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Publication numberUS6271951 B1
Publication typeGrant
Application numberUS 08/905,499
Publication dateAug 7, 2001
Filing dateAug 4, 1997
Priority dateAug 3, 1996
Fee statusPaid
Also published asDE69729512D1, DE69729512T2, EP0822680A2, EP0822680A3, EP0822680B1
Publication number08905499, 905499, US 6271951 B1, US 6271951B1, US-B1-6271951, US6271951 B1, US6271951B1
InventorsRichard J Proctor
Original AssigneeMarconi Communications Limited
Export CitationBiBTeX, EndNote, RefMan
External Links: USPTO, USPTO Assignment, Espacenet
Telecommunications network
US 6271951 B1
An optical communications network comprising a Head End Unit connected to a plurality of groups of Network Termination Equipments (NTE) and/or Optical Network Units (ONU), wherein downstream communication is by Time Division Multiplex, wherein a group is multiplexed onto a stream and a plurality of streams are combined into a higher speed multiplex and upstream communication is by Time Division Multiplex Access is characterized by enabling the NTE's or ONU's to negotiate bandwidth in respect of low level upstream traffic and by pre-allocating bandwidth to individual NTE's or ONU's in respect of high level upstream traffic.
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I claim:
1. An optical communications network, comprising: a head end unit connected to a plurality of groups of network termination equipments (NTE) and/or optical network units (ONU), wherein downstream communication is by time division multiplex, wherein one of the groups is multiplexed onto a stream, wherein a plurality of streams is combined into a higher speed multiplex, wherein upstream communication is by time division multiplex access, wherein a broadcast channel is transmitted once and once only to all recipients on all the streams, wherein one of said NTE and said ONU comprises a broadcast comparator for checking all the streams for broadcast cells, and wherein any of said NTE and/or ONU is operative for extracting broadcast traffic from any of the streams.
2. The network as claimed in claim 1, wherein point to point data is carried as broadcast data on another stream to one of the recipients.
3. The network as claimed in claim 1, wherein wave division multiplexing is used to combine the plurality of the streams.
4. The network as claimed in claim 1, wherein transmission over the network is by the use of a plurality of optical wavelengths, each wavelength carrying a number of the streams.
5. The network as claimed in claim 1, wherein ranging of one of said NTE and said ONU by the head end unit is carried out using controlled error encoding.
6. The network as claimed in claim 1, wherein each one of said NTE and said ONU has a unique identity provided during manufacture.
7. The network as claimed in claim 1, wherein each group has two, upstream and downstream, separate, logical, asynchronous transfer mode pipes, the downstream pipe from the head end unit to the respective group having a capacity greater than that of the upstream pipe from the respective group to the head end unit.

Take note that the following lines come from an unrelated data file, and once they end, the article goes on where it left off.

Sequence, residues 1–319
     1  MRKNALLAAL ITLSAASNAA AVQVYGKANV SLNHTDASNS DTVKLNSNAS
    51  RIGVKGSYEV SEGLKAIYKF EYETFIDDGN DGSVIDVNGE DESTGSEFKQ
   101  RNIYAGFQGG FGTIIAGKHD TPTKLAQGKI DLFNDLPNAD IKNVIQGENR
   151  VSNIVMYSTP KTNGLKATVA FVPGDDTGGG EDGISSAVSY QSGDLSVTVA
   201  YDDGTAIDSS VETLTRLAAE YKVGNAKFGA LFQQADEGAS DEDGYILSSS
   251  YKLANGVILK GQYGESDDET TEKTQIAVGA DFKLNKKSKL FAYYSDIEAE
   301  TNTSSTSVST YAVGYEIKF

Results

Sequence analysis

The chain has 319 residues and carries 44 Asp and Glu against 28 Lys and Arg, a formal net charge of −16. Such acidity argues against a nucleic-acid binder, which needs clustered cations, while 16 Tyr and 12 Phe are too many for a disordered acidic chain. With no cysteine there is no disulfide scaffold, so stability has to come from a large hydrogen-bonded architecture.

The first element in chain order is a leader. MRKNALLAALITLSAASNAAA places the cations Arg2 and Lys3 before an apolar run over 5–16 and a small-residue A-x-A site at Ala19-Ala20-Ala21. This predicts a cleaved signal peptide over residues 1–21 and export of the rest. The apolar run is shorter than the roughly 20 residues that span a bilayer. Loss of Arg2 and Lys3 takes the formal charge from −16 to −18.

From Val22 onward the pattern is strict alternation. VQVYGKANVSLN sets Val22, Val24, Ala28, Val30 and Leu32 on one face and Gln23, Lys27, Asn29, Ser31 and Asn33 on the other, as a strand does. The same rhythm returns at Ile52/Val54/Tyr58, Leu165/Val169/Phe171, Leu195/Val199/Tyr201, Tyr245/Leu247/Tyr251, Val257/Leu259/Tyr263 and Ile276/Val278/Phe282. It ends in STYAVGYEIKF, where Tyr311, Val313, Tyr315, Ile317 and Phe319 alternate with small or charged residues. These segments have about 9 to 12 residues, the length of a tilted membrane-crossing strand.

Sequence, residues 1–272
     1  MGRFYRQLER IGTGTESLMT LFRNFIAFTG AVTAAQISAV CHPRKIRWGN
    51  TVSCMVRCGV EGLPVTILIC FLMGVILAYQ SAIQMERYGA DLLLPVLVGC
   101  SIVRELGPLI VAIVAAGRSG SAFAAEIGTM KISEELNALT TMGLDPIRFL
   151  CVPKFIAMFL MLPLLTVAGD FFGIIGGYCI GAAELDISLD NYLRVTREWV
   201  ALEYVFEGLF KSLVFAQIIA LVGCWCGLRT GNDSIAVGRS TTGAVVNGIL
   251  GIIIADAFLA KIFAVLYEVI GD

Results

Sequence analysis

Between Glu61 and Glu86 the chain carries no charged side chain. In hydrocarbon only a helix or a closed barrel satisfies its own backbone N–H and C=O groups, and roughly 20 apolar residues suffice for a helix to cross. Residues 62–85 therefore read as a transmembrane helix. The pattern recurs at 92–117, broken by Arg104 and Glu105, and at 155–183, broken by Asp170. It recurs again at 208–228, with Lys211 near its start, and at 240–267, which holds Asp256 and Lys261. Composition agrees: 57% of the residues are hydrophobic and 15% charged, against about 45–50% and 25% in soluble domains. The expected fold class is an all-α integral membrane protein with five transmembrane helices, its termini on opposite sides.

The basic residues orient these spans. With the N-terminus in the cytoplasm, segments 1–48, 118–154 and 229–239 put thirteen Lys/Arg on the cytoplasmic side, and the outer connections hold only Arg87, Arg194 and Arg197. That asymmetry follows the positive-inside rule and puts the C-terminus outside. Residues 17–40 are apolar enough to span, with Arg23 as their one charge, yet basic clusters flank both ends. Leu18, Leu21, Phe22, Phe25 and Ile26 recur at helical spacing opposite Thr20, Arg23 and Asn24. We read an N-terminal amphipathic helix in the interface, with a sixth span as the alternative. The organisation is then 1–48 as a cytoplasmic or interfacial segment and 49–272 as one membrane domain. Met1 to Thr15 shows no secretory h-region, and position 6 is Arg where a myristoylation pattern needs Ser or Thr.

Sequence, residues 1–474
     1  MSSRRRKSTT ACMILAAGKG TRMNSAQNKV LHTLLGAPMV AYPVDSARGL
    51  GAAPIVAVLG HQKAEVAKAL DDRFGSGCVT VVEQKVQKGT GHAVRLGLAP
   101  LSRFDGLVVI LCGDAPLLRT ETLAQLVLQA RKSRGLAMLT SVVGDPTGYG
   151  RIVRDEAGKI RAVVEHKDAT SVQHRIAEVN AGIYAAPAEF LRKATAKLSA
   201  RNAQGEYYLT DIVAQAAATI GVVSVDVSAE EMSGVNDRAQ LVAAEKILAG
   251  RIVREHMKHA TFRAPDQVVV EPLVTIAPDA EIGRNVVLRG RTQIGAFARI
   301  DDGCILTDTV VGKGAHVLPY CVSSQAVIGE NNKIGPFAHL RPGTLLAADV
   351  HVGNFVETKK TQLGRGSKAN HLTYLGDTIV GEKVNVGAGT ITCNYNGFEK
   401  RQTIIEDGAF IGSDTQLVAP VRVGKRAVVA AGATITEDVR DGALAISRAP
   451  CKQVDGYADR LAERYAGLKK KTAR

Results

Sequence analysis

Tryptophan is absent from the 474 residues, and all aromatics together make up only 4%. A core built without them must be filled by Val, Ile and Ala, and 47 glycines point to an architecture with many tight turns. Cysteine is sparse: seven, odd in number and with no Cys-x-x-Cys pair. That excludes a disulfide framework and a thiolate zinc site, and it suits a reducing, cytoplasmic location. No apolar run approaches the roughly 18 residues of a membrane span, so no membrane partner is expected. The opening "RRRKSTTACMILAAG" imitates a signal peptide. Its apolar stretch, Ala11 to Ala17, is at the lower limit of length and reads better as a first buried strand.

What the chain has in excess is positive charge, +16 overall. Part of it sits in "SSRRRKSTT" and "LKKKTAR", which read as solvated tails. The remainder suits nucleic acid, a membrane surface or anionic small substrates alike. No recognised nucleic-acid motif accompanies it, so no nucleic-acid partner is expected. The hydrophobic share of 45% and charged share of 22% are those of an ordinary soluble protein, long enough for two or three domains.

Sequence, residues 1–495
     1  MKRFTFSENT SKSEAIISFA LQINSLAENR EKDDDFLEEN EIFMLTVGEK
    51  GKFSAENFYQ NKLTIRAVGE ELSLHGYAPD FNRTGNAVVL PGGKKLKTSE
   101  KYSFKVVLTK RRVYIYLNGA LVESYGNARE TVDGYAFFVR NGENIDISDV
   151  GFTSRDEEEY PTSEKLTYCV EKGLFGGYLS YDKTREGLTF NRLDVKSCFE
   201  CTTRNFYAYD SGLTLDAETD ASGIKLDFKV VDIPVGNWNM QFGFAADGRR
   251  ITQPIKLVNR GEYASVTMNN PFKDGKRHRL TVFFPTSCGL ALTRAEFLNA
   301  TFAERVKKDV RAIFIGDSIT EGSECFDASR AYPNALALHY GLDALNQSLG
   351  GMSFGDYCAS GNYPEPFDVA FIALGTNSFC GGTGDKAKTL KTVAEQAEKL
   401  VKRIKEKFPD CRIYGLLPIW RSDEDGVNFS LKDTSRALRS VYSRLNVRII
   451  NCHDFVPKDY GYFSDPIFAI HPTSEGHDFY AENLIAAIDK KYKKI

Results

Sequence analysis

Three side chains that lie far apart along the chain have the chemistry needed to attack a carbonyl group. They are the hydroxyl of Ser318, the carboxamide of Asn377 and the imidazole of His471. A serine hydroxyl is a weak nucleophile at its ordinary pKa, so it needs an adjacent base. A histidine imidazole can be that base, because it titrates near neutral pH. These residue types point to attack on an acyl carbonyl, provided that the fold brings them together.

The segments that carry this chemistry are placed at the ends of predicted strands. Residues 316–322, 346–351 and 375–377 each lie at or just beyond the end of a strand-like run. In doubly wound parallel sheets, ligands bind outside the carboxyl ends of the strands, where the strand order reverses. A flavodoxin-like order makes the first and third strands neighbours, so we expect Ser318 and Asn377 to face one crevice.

8. The network as claimed in claim 7, including provision for carrying plain old telephone system (POTS) communications, wherein a cell within the downstream pipe carries 47 timeslots of a 2 Mbit/s stream, and wherein one of the groups selects octets from the cell; and wherein, in the upstream direction, a control stream has capacity for each group to send 264 k channels embedded in the respective stream.
9. The network as claimed in claim 7, wherein each downstream pipe has a nominal capacity of 155 Mbit/s, and each upstream pipe has a nominal capacity of 52 Mbit/s.
10. The network as claimed in claim 1, wherein the head end unit comprises a master unit and a plurality of band units.
11. The network as claimed in claim 1, wherein the streams have respective phases which are adjusted so that the streams are equal times apart.
12. The network as claimed in claim 1, wherein each of the groups is controlled by the head end unit via one of the plurality of the streams in which the respective group checks the respective stream via which it is controlled for general control cells and checks all the streams for the broadcast cells.

The present invention relates to telecommunications networks and is by way of a development of and improvement in the telecommunications networks disclosed in my earlier UK patent application Nos. 2,291,311 (U.S. application Ser. No. 08/498,090, now allowed) and 2,291,299 (U.S. application Ser. No. 08/498,427, now U.S. Pat. No. 5,872,645) which generally relate to an Asynchronous Transfer Mode (ATM) based network system, which patent specifications are hereby incorporated by reference.

In a telecommunications network a large number of end users/customers are connected or connectable to a so-called head-end unit from which data can be received by each customer and to which data may be sent by each customer. In traditional telecommunications networks such data would be in the form of analogue voice signals and more lately in the form of digital signals.